Form, function, and the giant gulf between drawing a picture and understanding the world

From The Road to AI We Can Trust:

Drawing photorealistic images is a major accomplishment for AI, but is it really a step towards general intelligence? Since DALL-E 2 came out, many people have hinted at that conclusion; when the system was announced, Sam Altman tweeted that “AGI is going to be wild”; for Kevin Roose at The New York Times, such systems constitute clear evidence that “We’re in a golden age of progress in artificial intelligence”. (Earlier this week, Scott Alexander seems to have taken apparent progress in these systems as evidence for progress towards general intelligence; I expressed reservations here.)

In assessing progress towards general intelligence, the critical question should be, how much do systems like Dall-E, Imagen, Midjourney, and Stable Diffusion really understand the world, such that they can reason on and act on that knowledge? When thinking about how they fit into AI, both narrow and broad, here are three questions you could ask:

  1. Can the image synthesis systems generate high quality images?
  2. Can they correlate their linguistic input with the images they produce?
  3. Do they understand the world that underlies the images they represent?

On #1, the answer is a clear yes; only highly trained human artists could do better.

On #2, the answer is mixed. They do well on some inputs (like astronaut rides horse) but more poorly on others (like horse rides astronaut, which I discussed in an earlier post). (Below I will show some more examples of failure; there are many examples on the internet of impressive success, as well.)

Crucially, DALL-E and co’s potential contribution to general intelligence (“AGI”) ultimately rests on #3; if all the systems can do is in a hit-or-miss yet spectacular way convert many sentences into text, they may revolutionize the practice of art, but still not really speak to general intelligence, or even represent progress towards general intelligence.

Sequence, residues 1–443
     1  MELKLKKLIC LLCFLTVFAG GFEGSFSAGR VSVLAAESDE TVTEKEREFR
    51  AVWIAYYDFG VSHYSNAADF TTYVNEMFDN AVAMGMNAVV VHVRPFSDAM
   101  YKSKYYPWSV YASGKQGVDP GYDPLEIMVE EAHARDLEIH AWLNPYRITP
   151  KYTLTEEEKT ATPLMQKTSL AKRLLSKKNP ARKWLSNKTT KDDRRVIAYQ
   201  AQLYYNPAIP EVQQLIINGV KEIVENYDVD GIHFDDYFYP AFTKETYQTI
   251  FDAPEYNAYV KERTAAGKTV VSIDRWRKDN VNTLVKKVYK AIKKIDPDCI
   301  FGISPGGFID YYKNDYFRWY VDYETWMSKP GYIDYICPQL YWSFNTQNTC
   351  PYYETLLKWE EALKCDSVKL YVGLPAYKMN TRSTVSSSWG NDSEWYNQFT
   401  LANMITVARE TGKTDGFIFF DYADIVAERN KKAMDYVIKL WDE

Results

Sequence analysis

Until this morning, I despaired of assessing what these systems understand about the world at all.

The single clearest hint that they might have trouble that I had seen thus far was from the graphic designer Irina Blok:

As my 8 year old said, reading this draft, “how does the coffee not fall out of the cup?”

The trouble, though, with asking a system like Imagen to draw impossible things is that there is no fact of the matter about what the picture should look like, so the discussion about results cycles endlessly. Maybe the system just “wanted” to draw a surrealistic image. And for that matter, maybe a person would do the same, as Michael Bronstein pointed out.

Link to the rest at The Road to AI We Can Trust

4 thoughts on “Form, function, and the giant gulf between drawing a picture and understanding the world”

  1. I’ve probably said this before in a comment on PV but it bears repetition: the term “artificial intelligence” needs to be got rid of. “Intelligence” here has no relation to what a layman understands by the term and just causes unnecessary confusion. We should probably be talking about [something or other] algorithms, where “something or other” conveys the idea of a computer program created (typically but not always) by applying machine learning and pattern recognition to large datasets.

    Of course there is no chance that the term AI will be dropped, though a variety of systems that were, or currently are, part of the AI ecosystem will probably just become part of modern tech life with no-one any longer thinking they are (colloquially) intelligent.

    And the writer’s answer of yes to his question 1 is dubious in the absence of any definition of “high quality” or limitation on “images”. I could call my DSLR an “image synthesis system” and claim the results are high quality (for some value of high quality) but even though it probably has enough processing power to helm an Apollo moon mission, intelligent it is not.

    • The most accurate terms would be the original: Expert System or, as in the MASS EFFECT games, Virtual Intelligence. Even Inference Engine.

      But the marketing guys latched onto AI because hypesters gotta hype.

    • Good point, again, Mike.

      As Felix points out, The Marketing Department is quick to seize on any promising new technology and improve it.

      The Legal Department just adds 20-30 more provisions (not counting sub-provisions) to the Terms of Use.

    • In the Fifties and early Sixties, they were called “Electronic Brains” and “Thinking Machines.”

      IBM went so far as to use “THINK” as one of their slogan/logos.

      Hallmark birthday cards have more power than those machines.

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